* 1915 Methil Fife/Schottland
† 1997 Birmingham
After studying at the Edinburgh College of Art between 1932 and 1937, Gear (born at Methil, Fife) was given a travelling scholarship to Paris, where he began to study under Fernand Léger. Gear served in the Royal Signal Corps between 1940 and 1945 in the Middle East, Cyprus, Italy and finally in Germany. In 1946-47 Gear was stationed with the UK occupation forces in Germany, where he was the officer in charge of ensuring the security of art works in Lower Saxony under the auspices of the Allied Control Commission (Allied Control Commission, Monuments, Fine Arts and Archives Section). Gear had a studio in the castle at Celle and made friends with the painter Karl Otto Götz. In 1947 Gear moved to Paris, spending the following three years there. His studio was in the VIe Arrondissement, 13 quai des Grands Augustins. In Paris William Gear became acquainted with a cross-section of his European contemporaries, including Hartung, Soulages, Poliakoff, Mathieu, Atlan, Corneille, Constant, Stephen Gilbert, De Stäel and Vieira da Silva. Gear experimented with the techniques of Action painting. On his return to England, Gear had numerous exhibitions and received awards. In 1958 Gear became curator of the Towner [[sic!]] Art Gallery in Eastbourne, Sussex. He became head of the Faculty of fine Art at the Birmingham College of Art in 1964. Gear was a visiting professor at the Victoria National Gallery in Melbourne and at the University of Western Australia in Perth in1966. He also joined the Royal Birmingham Society of Artists in 1966. Gear was a recipient of the David Cargill Award from the Royal Glasgow Institute of Fine Arts in 1967. He lived at Edgbaston near Birmingham from 1975.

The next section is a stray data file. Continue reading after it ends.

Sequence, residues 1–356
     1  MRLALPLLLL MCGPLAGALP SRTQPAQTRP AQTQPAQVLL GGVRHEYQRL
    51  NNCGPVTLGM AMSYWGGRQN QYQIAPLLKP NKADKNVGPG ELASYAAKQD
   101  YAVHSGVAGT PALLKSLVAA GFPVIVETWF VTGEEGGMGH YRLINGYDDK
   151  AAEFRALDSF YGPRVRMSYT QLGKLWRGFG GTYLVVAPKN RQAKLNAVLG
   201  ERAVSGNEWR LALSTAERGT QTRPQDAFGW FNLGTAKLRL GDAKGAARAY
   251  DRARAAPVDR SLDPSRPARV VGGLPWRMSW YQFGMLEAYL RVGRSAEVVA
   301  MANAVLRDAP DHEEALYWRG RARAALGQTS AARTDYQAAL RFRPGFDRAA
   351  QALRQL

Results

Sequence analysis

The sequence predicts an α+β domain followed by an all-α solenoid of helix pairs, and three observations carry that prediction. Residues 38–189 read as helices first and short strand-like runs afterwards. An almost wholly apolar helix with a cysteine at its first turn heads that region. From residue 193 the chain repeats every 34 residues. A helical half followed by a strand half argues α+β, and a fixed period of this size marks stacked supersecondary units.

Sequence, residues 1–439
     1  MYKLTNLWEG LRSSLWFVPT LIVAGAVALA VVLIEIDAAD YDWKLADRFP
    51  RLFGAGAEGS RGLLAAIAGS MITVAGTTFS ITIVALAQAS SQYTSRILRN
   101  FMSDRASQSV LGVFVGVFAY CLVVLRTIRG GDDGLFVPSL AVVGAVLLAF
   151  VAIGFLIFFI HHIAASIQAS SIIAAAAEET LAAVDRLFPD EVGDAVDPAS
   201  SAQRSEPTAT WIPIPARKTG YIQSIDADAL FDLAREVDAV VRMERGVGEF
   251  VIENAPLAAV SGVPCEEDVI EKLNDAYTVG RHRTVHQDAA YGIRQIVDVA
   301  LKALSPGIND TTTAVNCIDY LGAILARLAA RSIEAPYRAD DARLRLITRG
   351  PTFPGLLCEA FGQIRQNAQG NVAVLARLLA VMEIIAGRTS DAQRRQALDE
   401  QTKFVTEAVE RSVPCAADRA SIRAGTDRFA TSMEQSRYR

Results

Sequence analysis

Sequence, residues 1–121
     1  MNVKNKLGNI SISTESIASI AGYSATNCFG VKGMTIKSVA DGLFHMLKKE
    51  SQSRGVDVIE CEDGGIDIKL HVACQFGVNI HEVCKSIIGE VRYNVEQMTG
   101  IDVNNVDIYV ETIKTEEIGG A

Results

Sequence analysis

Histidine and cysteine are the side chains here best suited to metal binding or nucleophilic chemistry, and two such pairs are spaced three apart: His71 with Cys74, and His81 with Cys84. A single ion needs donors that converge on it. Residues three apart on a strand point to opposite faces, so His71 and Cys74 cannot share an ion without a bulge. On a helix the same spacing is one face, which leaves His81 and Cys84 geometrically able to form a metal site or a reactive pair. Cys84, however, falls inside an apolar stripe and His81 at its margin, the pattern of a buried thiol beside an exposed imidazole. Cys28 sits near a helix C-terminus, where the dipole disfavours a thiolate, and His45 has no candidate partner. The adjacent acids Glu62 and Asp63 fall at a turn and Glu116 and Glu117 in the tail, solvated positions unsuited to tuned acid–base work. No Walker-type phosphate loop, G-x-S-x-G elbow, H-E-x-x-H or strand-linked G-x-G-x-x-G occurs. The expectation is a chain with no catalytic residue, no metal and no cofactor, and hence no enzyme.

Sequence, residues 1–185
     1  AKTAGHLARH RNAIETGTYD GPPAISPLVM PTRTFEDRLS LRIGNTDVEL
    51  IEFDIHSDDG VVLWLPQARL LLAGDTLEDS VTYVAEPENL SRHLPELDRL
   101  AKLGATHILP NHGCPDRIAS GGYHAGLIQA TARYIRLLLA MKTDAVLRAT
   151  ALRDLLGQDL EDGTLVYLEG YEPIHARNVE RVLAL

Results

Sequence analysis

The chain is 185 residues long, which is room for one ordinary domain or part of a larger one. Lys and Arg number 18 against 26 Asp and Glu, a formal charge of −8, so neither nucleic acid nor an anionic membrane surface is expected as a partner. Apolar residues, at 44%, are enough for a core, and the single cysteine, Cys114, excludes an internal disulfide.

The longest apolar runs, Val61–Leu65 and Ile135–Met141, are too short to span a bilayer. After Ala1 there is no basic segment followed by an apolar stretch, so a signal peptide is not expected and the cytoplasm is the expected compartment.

Between 1944 and 1988 Gear had thirty one-man shows of his paintings in Europe and elsewhere and was a member of Cobra, participating in many Cobra exhibitions. His style of painting evolved from a mainstream École de Paris fusion of naturalism and abstraction to a more delicate and abstract handling of colour in his late work. William Gear died in Birmingham in 1997.